Dec. 6, 2010

Ceremony marks the opening of new education complex at Fort Pickett 

By Cotton Puryear
Virginia Department of Military Affairs

FORT PICKETT, Va. — The Fort Pickett-based 183d Regiment, Regional Training Institute officially opened its new $25 million state-of-the-art headquarters and education complex Dec. 4 with a ribbon cutting ceremony.

  Maj. Gen. Daniel E. Long, Jr., Col. Marie Mahoney and Command Sgt. Maj. Howard Halfacre alongside Marla Decker, Virginia Secretary of Public Safety, cut the ribbon outside the entrance of the new Regional Training Institute schoolhouse Dec. 4 at Fort Pickett. The new facility will train Soldiers from across the world with the assistance of the trainers of the 183rd Regiment, Regional Training Institute. (Photo by Staff Sgt. Andrew H. Owen, Virginia Guard Public Affairs)

Maj. Gen. Daniel E. Long, Jr., Col. Marie Mahoney and Command Sgt. Maj. Howard Halfacre alongside Marla Graff Decker, Virginia Secretary of Public Safety, cut the ribbon outside the entrance of the new Regional Training Institute schoolhouse Dec. 4 at Fort Pickett. The new facility will train Soldiers from across the world with the assistance of the trainers of the 183d Regiment, Regional Training Institute. (Photo by Staff Sgt. Andrew H. Owen, Virginia Guard Public Affairs)

Click HERE to see more photos from the event on the Virginia National Guard Flickr site.

“This facility is world class, and it is exactly what the world-class Soldiers and officers of the 183d RTI deserve to be able to continue to instruct students and support the commonwealth and nation as one of the finest Training and Doctrine Command Total Army School System school houses in the nation,” said Col. Marie Mahoney, commander of the 183d RTI.

The 183d RTI is made up of three battalions that teach a variety of military skills courses. The 1st Battalion focuses on basic infantry training, as well as training noncommissioned officers, Army Combatives and Rappel Master. This mission for the 2nd Battalion is basic transportation training. The 3rd Battalion teaches basic military police skills other general studies courses, as well as having responsibility for the Virginia National Guard Office Candidate School and Warrant Officer Candidate School.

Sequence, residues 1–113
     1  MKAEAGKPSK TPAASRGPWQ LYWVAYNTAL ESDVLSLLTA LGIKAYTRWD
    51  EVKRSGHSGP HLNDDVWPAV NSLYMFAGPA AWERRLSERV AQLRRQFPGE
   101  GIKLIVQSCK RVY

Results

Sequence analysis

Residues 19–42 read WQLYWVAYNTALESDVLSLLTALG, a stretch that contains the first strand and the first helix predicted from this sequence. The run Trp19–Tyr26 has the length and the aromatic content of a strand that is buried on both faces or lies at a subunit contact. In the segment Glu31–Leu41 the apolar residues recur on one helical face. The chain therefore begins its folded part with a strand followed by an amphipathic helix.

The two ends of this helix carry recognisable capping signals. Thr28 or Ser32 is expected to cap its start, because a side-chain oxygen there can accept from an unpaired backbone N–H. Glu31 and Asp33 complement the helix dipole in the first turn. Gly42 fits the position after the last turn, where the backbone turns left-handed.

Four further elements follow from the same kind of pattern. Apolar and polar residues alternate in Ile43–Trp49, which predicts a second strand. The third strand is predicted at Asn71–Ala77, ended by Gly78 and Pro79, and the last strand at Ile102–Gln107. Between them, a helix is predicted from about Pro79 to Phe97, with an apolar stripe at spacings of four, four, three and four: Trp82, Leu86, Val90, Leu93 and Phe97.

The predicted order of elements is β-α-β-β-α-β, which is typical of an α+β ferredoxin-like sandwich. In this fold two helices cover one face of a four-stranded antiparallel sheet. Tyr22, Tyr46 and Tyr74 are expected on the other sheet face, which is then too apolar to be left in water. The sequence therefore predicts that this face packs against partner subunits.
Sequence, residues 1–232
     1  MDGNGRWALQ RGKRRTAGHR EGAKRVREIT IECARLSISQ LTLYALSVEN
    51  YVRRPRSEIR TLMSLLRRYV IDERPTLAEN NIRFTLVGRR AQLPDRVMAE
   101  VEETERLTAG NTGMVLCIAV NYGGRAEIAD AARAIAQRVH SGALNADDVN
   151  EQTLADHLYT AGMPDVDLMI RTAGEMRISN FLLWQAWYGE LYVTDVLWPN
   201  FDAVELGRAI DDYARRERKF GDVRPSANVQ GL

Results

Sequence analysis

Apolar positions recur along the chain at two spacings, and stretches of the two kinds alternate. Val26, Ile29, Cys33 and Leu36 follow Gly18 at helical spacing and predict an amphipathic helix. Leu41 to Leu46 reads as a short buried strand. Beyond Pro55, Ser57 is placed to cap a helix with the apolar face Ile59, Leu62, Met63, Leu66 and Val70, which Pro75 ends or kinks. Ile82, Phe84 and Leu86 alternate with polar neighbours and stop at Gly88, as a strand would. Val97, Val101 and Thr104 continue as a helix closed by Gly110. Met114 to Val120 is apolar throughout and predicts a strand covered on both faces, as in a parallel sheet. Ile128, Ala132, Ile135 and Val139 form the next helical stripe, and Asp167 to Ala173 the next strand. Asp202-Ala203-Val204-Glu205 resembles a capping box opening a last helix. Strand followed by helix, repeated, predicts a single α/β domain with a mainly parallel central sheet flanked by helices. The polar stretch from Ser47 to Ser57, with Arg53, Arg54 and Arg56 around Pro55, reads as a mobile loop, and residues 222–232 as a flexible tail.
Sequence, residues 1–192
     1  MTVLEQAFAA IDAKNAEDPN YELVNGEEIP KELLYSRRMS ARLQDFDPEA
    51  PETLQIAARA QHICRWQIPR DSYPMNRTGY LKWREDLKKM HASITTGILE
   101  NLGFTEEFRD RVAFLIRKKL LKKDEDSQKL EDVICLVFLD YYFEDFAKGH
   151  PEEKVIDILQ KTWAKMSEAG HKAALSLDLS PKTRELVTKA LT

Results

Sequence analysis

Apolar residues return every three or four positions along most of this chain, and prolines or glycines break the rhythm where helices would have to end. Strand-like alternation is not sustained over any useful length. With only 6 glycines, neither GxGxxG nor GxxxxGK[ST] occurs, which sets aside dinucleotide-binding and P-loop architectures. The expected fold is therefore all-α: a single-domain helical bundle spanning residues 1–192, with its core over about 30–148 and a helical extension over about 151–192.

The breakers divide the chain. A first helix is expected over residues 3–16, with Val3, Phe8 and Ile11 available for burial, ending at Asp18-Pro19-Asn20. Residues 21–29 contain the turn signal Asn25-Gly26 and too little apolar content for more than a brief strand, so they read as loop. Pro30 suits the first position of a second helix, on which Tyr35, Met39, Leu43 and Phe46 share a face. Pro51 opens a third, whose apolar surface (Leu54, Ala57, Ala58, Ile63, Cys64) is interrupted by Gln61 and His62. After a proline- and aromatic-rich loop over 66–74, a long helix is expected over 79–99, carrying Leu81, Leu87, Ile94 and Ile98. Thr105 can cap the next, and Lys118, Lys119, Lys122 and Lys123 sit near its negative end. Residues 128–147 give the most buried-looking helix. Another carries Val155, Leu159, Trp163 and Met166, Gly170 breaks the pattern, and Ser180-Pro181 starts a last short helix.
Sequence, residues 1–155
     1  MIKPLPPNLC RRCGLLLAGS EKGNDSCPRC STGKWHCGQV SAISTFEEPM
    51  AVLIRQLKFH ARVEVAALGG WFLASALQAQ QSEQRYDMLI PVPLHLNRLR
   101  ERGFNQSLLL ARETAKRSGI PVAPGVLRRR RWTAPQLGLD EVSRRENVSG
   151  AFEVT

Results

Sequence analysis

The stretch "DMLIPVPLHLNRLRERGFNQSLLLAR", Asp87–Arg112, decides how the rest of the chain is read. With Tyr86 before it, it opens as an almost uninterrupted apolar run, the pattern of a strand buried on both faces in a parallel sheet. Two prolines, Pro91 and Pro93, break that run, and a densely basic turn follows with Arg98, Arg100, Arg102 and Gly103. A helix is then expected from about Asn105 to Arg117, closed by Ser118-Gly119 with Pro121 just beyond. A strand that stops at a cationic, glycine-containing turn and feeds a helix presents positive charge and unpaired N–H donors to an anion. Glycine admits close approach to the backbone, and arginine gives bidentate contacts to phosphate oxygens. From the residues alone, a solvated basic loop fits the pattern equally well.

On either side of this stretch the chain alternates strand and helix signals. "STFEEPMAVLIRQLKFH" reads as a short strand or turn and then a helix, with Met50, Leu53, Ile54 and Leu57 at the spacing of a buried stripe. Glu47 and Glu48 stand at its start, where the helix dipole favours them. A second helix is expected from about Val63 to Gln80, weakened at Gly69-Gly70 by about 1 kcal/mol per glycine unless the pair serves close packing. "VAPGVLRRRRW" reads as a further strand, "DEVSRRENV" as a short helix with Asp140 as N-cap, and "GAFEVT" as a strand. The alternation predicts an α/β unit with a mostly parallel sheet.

“The Governor is committed to ensuring the Virginia National Guard remains the premiere military unit that it is, and what better way than to have a state-of-the-art training facility in Virginia,” said Virginia Secretary of Public Safety Marla Graff Decker. “This training facility is just one of many things that I think over the next several years are going to be exciting for the Guard.”

The 183d RTI consistently receives very positive feedback from students, Guard Bureau and Department of the Army about the quality of instruction and instructors, but had in the past been told the classroom facilities were lacking and antiquated. Mahoney said the new facility could help increase the number of Soldiers that come through RTI because course managers are looking to send Soldiers for training with a great facility in addition to great instructors. Approximately 1,200 Soldiers trained at RTI in 2008.

The ribbon cutting marks the completion of the first of two construction phases. Phase I began in Sept. 2008 and is a total of 83,554 square feet that includes the regimental headquarters building, an educational building with administrative and classroom space, an Officer Candidate School building and a separate building for an auditorium. The key features of Phase 1 are:

  • An approximately 8,000 square foot regimental headquarters building that house offices, administrative work space and a conference room for the command group, operations and staff sections and the headquarters company.
  • An approximately 61,500 square foot education building with administrative and office space for the RTI’s three training battalions, classrooms, a library, learning center, maintenance classroom, medical aid station, supply area and fitness center.
  • An approximately 9,700 square foot Officer Candidate School Building with offices, administrative work space, conference room, classrooms and counseling areas.
  • An approximately 4,900 square foot 250-seat auditorium with stage.

“This is a significant emotional experience for me because I know where we came from in 1981 to 2010 and this world class facility,” said Command Sgt. Maj. Howard “Skip” Halfacre, the commandant of the RTI. Halfacre was a trainee at the Virginia Department of Military Instruction in 1981 when it operated out of a small office at the Dove Street Armory in Richmond. He served as the deputy commandant in 1985 when the Virginia Military Academy operated out of a small building at Fort A.P. Hill with a staff of nine instructors. Now the RTI has a staff of 106 instructors, Halfacre said.

 

Adjutant General of Virginia Maj. Gen. Daniel E. Long, Jr. is given a tour of the 183d Regiment, Regional Training Institute's new facilities at Fort Pickett Dec. 4 by Col. Marie Mahoney, commander of the 183d, and Command Sgt. Maj. Howard Halfacre, 183d sergeant major. The ribbon cutting marks the completion of the first of two construction phases. (Photo by Staff Sgt. Andrew H. Owen, Virginia Guard Public Affairs)

Click HERE to see more photos from the event on the Virginia National Guard Flickr site.